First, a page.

Traps allow DOC to set and forget

SALLY KIDSON
Last updated 14:51 08/11/2012

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A two-year trial of a self-setting gas-powered rat and stoat trap has begun at Nelson Lakes National Park.

Touted as potentially revolutionary in controlling predators in remote areas, the A24 traps can be activated 24 times before they need to be serviced, compared with the DOC 200 traps which are currently used. Once a DOC 200 is sprung, it has to be manually re-set.

More than 800 of the new traps will be be trialled in the Rotoiti Nature Recovery Project Three other ‘‘mainland islands’’ in the North Island will carry out their own trials.

The A24 traps, which have passed animal welfare standards, can kill and re-set themselves repeatedly before they need to be serviced.

Conservation Department scientific officer Craig Gillies said the A24 could change in the way DOC carried out predator control, and could result in significant savings in the amount of time spent checking trap lines.

Some of the manual trap lines at St Arnaud were checked fortnightly, but with the new self-setting trap, lines might need to be checked only once or twice a year, he said.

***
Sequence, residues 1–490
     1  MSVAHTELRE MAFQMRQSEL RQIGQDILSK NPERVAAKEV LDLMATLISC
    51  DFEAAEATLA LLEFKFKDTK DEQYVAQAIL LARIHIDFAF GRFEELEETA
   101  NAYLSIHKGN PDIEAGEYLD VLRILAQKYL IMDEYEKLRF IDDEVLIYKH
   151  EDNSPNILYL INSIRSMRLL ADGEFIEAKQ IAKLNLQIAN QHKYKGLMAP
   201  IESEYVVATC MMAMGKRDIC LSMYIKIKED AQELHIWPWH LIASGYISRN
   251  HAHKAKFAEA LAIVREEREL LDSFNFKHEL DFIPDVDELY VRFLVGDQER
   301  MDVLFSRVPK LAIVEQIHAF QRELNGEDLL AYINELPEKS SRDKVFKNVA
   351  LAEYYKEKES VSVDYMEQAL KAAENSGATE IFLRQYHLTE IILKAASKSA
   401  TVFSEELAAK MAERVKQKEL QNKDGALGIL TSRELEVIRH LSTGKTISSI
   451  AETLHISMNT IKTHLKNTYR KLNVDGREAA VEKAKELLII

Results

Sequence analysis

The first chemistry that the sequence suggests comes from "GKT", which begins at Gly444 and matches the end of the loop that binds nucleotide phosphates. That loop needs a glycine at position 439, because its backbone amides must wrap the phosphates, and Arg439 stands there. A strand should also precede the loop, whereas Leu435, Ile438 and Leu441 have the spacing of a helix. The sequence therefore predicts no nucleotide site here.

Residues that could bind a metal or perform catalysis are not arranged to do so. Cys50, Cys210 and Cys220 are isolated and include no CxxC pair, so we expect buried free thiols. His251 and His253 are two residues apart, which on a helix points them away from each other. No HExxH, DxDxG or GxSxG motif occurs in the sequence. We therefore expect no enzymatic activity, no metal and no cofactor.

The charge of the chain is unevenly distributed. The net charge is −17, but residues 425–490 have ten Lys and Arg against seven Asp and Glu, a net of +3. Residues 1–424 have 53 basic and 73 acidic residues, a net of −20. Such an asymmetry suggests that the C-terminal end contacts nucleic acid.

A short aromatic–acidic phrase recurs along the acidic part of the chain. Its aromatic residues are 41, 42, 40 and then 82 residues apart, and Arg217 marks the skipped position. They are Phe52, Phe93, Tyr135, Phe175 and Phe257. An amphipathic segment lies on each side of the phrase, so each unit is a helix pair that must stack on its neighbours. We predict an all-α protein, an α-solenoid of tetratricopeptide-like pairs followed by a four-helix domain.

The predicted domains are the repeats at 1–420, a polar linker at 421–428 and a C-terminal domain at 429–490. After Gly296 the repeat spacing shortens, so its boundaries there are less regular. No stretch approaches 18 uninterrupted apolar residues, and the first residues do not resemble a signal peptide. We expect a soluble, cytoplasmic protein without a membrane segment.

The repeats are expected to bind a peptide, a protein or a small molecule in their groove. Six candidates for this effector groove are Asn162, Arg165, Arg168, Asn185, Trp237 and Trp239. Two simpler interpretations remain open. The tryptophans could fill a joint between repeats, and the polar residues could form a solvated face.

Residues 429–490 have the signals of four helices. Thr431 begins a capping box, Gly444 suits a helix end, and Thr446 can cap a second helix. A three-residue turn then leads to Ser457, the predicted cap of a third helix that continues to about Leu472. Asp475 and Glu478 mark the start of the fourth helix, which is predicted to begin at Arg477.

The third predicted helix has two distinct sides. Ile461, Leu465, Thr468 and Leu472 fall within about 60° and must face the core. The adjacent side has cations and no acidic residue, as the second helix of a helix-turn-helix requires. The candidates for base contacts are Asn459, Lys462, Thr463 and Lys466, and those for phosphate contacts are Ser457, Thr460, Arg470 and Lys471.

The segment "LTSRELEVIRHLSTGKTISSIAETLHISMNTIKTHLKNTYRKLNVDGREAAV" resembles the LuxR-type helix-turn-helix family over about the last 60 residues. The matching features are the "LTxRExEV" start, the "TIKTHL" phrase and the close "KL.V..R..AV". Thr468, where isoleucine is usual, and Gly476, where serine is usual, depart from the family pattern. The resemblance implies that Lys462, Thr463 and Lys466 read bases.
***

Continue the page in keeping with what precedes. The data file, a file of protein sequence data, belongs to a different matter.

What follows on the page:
Great spotted kiwi have been re-introduced successfully to the nature recovery programme at St Arnaud and are producing chicks. Kiwi chicks are at risk of predation until they are about a year old, so to ensure the new trap lines are working and protecting the kiwi and other birds, DOC will be monitoring the area so stoat and rat levels remain at the low levels needed to protect the species.

If the two-year trial is successful, the traps could be used in more areas across New Zealand.
DOC has been working with the maker of the traps, Good Nature, for more than a year, and is already one year into a trial involving a gas-powered trap that targets possums.

The department traps over 5000 hectares at St Arnaud and works with volunteer group Friends of Rotoiti, which carries out trapping over a further 5000ha.

DOC St Arnaud Nature Recovery project team leader Grant Harper said the department worked closely with Friends of Rotoiti, which had helped with the rollout of the new traps.

Friends of Rotoiti had come up with some innovative ideas, he said, including modifying the tunnel used for the DOC 200 trap for use with the A24, to prevent non-target species like weka from getting caught.

Grant said the new traps would ensure that DOC staff could divert more energy into other aspects of the recovery project at St Arnaud.

In 2010, the Government and the Green Party signed a Memorandum of Understanding and announced a $4 million trial to test self-resetting traps.

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Conservation Minister Kate Wilkinson and Green Party conservation spokeswoman Eugenie Sage were at last week’s launch of the trial at St Arnaud.

More information about the traps can be found on the Good Nature website: goodnature.co.nz

- © Fairfax NZ News

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